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eBook Accessibility Promises & Challenges


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Personal computers arrived on campuses around 25 years ago. The Web followed on most college campuses about 10 to 12 years later. Now both technologies are ubiquitous throughout campuses (and …

Personal computers arrived on campuses around 25 years ago. The Web followed on most college campuses about 10 to 12 years later. Now both technologies are ubiquitous throughout campuses (and everywhere else). The Internet, in tandem with the computer, is used in the classroom, for grading, for faculty-student communication and for myriad other academic and administrative activities. Campus’ today learning environment that is dramatically different from that seen just over two decades ago or even ten years ago. This session discusses the challenges and promises of eBooks.

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  • CourseSmart (founded by McGraw Hill, Pearson, Cengage and others)Many titles available, but they are overwhelmedMany are scanned / OCR’d on request, for minimal accessibility
  • Accessibility features are built into many of our digital products, including our selection of eReaders. Examples include NOOK Color™, which has adjustable text fonts, sizes and styles as well as customizable line and margin spacing for enhanced readability. Our NOOK Study™ application includes text-to-speech support and global keyboard accessibility for those with cognitive, speech and/or motor impairments.
  • Device (Kindle, iPad, etc.)eReader programStandard (technical format of the document)Preparation of document Type of contentAssistive technologyThe end user
  • Semantic tags describe content to assistive technology ** see for more detailsDocument metadataLogical and consistent hierarchy of headingsParts, chapters, sections, and subsectionsAlternate tags for imagesTables are marked up properlyFootnotes and referencesContent / index with active links
  • Transcript

    • 1. PRE-10W - New Technology & Accessibility in Higher Ed eBook Promises and Challenges Kathy Wahlbin 978-4430798© 2013 Interactive Accessibility 1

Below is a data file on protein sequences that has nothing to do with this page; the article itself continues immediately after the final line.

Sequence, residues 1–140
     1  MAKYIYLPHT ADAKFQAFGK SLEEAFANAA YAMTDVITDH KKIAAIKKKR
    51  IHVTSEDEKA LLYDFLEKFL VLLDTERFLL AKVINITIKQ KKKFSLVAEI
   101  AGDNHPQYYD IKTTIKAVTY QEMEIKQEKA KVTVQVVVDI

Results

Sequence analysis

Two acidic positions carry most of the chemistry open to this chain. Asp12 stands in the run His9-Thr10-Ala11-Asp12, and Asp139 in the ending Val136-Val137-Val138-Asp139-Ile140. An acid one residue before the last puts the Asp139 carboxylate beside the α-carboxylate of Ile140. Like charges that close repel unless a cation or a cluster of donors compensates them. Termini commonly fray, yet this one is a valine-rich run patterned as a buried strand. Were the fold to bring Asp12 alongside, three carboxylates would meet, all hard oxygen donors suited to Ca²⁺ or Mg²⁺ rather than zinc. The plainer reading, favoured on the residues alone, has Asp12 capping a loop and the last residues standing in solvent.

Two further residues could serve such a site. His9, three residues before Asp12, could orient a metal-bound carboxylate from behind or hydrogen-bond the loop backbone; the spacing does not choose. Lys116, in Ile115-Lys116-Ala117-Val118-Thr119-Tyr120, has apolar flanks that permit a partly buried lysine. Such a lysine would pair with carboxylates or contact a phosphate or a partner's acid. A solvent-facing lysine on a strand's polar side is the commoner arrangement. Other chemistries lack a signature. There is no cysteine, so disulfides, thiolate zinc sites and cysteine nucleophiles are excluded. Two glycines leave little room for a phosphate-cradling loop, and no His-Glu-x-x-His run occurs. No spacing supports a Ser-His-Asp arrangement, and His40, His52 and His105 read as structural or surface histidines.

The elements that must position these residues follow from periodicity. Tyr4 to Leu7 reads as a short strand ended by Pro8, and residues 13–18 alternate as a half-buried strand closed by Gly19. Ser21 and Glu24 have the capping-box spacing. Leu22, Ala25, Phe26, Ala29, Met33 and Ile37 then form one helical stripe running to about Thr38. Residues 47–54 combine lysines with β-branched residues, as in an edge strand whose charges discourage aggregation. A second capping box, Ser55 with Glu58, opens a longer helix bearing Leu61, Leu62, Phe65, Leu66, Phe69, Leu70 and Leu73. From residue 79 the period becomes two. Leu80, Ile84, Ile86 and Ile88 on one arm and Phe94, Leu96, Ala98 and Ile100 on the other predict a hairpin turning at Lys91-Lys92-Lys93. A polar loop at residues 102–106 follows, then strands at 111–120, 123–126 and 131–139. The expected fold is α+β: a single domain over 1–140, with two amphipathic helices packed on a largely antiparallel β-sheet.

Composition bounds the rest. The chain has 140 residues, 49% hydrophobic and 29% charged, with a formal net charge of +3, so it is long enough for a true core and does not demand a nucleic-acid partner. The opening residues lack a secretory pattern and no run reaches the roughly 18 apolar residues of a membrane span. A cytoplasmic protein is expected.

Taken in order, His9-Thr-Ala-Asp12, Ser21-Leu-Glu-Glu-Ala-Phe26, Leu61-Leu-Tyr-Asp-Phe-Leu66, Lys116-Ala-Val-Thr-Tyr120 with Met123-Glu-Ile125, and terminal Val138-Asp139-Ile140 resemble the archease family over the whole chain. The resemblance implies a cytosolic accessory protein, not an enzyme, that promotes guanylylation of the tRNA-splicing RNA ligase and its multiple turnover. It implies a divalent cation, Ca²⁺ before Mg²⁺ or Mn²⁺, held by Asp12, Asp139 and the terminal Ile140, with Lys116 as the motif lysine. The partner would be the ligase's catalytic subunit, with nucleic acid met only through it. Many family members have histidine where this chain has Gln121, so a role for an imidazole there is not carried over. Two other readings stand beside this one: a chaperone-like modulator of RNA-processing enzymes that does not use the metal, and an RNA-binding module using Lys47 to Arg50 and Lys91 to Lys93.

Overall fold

• 2. Topics• What are eBooks?• Opportunities• Devices• eReader formats• Challenges• Generating eBooks• Considerations for accessibility© 2013 Interactive Accessibility 2
    • 3. What are eBooks?• eBook refers to electronic publishing• Numerous formats but converging• Accessibility improving; serious challenges remain• Targeted primarily at mobile devices but also for PC and Mac© 2013 Interactive Accessibility 3
    • 4. Opportunities• Generally excellent availability • Sales of adult eBooks exceeds adult hardcover • Amazon 1.8M titles, Barnes & Noble 3.1M, Google 3M • Educational publishers are active• More affordable content• Reader devices exploding in popularity; cheaper• Portable • Users who need large print do not have to carry the heavy bulky books• Much more interactive and rich content • Audio / video • Interactive manipulation / selection of content • Highlighting and annotating – can be shared • Active with content – better for some learners • Support for more sophisticated features and layout coming© 2013 Interactive Accessibility 4
    • 5. Karo Caran and iBook ApplicationVideo:© 2013 Interactive Accessibility 5
    • 6. Devices – Many! • PC / Mac – often no touch or gesture interaction • Kindle - eInk versions and Fire • iPad • Nook (Barnes and Noble) • Nexus & other Android tablets • Sony, MS Surface, Kobo, etc. • Smartphones, “phablets” Source:© 2013 Interactive Accessibility 6
    • 7. Devices & FeaturesDisplay type affects Overall Feature Rating from eInk is not as suitable for video, animations, etc. Most are geared toward plain reading Regular screen and iOS /Android are easier for interaction, multimedia, (color)Apps allow some cross-use of devices and formats© 2013 Interactive Accessibility 7
    • 8. Challenges• 10% have some degree of print impairment • Visual impairment, dyslexia, macular degeneration, mobility impairment, etc. •• Many formats and devices• Standards vary in support of accessibility needs• Devices vary in support of features in standards• Publishers vary in use of features for accessibility• Users have to know how to use it all!• Commitment to accessibility varies© 2013 Interactive Accessibility 8
    • 9. Accessibility Depends On Code Content User Format Accessible DRM eBook Device AT eReader Source: W3C WAI© 2013 Interactive Accessibility 9
    • 10. Standards• AZW – Amazon Kindle • Proprietary • Not accessible • Might be changing• EPUB • Open standard • Supported by numerous devices• EPUB 3 • New as of Oct. 2011 – accessibility a major goal • Based on HTML5 and CSS3 • Better Layout, font control • MathML support for equations • Enhanced multimedia, scalable vector graphics • Overlays for audio / media synchronization • Customize pronunciation of words for speech to text • Special words • Formulas • Also supports CSS3 speech feature© 2013 Interactive Accessibility 10
    • 11. Other Formats• PDF and PDF/A – might lose some formatting• HTML• MOBI – for PDAs• Plain text• Rich text• DAISY • Not widely used by publishers • Converging with EPUB 3© 2013 Interactive Accessibility 11
    • 12. Kindle - Inaccessible• Proprietary standard – Amazon defines / controls it• Does not support EPUB standard• Amazon pushing hard to introduce to schools • Donating devices • “Whispercast” delivery of Amazon-format content to other devices in schools • National Federation of the Blind actively protesting and challenging legality• NFB is pressuring Amazon to enhance Kindle© 2013 Interactive Accessibility 12